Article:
Sunday, November 20, 2011

REVIEW: The Taint (2010)


The Taint achieves what by now seems impossible: it pushes splatter to previously unthinkable levels of gore and tastelessness. This is exactly why it deserves your attention. It might be that everything worth doing has been done to death at this point, but just when you think we’ve hit bottom, there’s someone down there scraping away at the muck. Drew Bolduc and Dan Nelson have worked long and hard to produce this slimy little diamond in the rough.

Why not just bypass all the semi-concealed themes in the post-apocalyptic infection scenarios - you know, society keeps people in check, and removing social order via a plague, zombies, etc. allows the non-infected to act out suppressed fantasies… The Taint cuts out the middleman and imagines a mutagen that turns all men into raging misogynists who want nothing more than to kill women. The protagonist seems to exist only because movies are supposed to have one, and we need some reason to jump from gag to gag and flashback to flashback. Don’t go in expecting much continuity, or even much of a story. The Taint is really nothing more than a series of gore-based set pieces, but you can’t fault it for doing one thing if it does it really well.

Misogyny and homoeroticism go hand in hand, and there’s tons of both here. It was really a great move when you think about it - anyone who’s going to revel in the macho violence a little too much is likely going to be caught off-guard by the guy-on-guy wrestling or the ever-present short shorts and crotch shots. The only thing that outnumber the dick jokes in this film are the dicks themselves, all destined to be destroyed in various fashions. But for every sophmoric attempt at humor, there’s something clever - it’s humor by attrition, and it comes out on top in the end.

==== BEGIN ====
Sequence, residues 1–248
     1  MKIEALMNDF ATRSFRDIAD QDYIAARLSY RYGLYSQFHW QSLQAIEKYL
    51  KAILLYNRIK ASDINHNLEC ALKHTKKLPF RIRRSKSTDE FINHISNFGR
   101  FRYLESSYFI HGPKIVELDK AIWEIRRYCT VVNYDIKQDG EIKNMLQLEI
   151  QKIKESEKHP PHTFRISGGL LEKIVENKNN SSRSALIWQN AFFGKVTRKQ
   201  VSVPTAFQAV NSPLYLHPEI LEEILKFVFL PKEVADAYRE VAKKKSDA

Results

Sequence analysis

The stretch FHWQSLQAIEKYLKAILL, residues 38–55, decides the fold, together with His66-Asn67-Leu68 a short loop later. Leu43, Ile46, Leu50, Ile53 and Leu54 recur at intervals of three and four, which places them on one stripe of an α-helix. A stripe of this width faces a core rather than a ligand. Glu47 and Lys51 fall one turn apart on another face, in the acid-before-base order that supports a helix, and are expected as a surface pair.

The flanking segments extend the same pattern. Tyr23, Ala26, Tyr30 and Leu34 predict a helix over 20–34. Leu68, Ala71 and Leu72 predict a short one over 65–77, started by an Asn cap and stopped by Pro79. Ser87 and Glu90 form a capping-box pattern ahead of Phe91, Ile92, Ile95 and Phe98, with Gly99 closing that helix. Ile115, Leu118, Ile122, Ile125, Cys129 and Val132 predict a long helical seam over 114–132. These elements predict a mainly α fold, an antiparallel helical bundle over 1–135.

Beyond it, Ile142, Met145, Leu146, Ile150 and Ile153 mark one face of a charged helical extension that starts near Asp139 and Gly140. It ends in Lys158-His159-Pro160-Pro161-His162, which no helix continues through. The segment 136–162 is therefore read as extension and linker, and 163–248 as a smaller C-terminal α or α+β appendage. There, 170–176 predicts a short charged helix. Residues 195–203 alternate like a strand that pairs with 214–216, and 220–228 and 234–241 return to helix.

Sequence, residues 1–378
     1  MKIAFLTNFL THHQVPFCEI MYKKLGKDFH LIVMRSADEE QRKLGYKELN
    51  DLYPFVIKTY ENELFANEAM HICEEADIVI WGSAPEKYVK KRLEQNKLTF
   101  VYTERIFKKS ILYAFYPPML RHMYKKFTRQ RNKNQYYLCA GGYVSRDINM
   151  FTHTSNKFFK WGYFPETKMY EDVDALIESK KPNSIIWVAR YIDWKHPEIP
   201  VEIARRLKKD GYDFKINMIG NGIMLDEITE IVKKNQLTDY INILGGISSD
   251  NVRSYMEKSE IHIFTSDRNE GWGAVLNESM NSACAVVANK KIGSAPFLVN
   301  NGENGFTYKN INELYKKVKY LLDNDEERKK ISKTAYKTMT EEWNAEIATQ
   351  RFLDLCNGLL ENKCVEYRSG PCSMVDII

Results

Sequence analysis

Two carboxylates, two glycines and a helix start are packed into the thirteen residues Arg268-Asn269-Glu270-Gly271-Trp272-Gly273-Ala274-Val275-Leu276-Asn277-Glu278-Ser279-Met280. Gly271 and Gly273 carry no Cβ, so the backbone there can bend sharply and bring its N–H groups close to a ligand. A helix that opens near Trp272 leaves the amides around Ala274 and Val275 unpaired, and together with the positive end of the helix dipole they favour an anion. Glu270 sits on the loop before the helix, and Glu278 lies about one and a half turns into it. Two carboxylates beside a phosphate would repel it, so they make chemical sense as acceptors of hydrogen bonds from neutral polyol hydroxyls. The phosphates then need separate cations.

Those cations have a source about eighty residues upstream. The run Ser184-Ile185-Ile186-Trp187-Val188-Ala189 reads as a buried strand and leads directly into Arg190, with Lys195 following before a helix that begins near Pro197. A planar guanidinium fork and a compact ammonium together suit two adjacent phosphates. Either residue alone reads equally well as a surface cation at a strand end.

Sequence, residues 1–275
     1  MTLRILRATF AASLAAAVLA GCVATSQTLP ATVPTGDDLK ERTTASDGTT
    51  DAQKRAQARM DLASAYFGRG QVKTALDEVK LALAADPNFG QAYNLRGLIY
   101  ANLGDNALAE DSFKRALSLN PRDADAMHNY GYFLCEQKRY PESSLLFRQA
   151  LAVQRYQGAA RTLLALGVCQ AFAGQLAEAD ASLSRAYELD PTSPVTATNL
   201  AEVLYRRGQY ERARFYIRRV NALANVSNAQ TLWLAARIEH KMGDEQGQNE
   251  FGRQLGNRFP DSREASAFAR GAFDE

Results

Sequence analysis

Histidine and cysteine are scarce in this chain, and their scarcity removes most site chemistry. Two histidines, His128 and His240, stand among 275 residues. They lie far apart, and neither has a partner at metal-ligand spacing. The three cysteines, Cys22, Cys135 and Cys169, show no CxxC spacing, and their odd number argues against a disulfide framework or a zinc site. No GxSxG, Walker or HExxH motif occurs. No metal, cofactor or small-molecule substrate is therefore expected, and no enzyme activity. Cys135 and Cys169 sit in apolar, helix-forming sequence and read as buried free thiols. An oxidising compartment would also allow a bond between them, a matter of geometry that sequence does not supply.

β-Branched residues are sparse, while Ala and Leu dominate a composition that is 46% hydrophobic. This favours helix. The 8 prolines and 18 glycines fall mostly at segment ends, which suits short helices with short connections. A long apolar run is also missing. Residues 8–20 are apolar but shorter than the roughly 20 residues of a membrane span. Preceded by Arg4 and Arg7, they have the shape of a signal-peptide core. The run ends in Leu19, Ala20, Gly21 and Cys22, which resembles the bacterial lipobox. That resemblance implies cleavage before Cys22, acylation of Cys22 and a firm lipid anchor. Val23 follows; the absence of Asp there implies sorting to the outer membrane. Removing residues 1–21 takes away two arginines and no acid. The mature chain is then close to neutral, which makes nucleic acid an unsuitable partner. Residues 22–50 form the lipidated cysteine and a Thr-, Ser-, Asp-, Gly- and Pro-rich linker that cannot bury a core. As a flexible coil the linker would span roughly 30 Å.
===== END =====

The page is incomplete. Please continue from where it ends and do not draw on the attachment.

The film’s greatest weakness is the acting, or the lack of it. Acting (or even having characters) clearly isn’t the focus of the film, so just don’t expect it. At best, the lines are delivered with barely contained smirks, and the suppressed irony threatens to boil over, but only actually does a couple times. (Did we really need a that’s what she said joke in the middle of a montage parody?) Still, it’s clear that the film doesn’t have much spite for the tried and true post-apocalyptic formula, it’s just carrying it to an ultraviolent extreme.

I’m more tolerant of films when they’re labors of love as opposed to cash grabs churned out by big studios. Also, chainsaws, tons of head-crushing, and lots of practical effects don’t hurt. Did I mention how great the soundtrack to this film is? When you add up the numbers, there’s just too much to like here to let the flaws overshadow what the film does well. This is the best and most entertaining low/no-budget film I’ve seen since Mold! and I hope Bolduc and Nelson use it as a springboard to move on to bigger projects.

7/10 = Worth checking out

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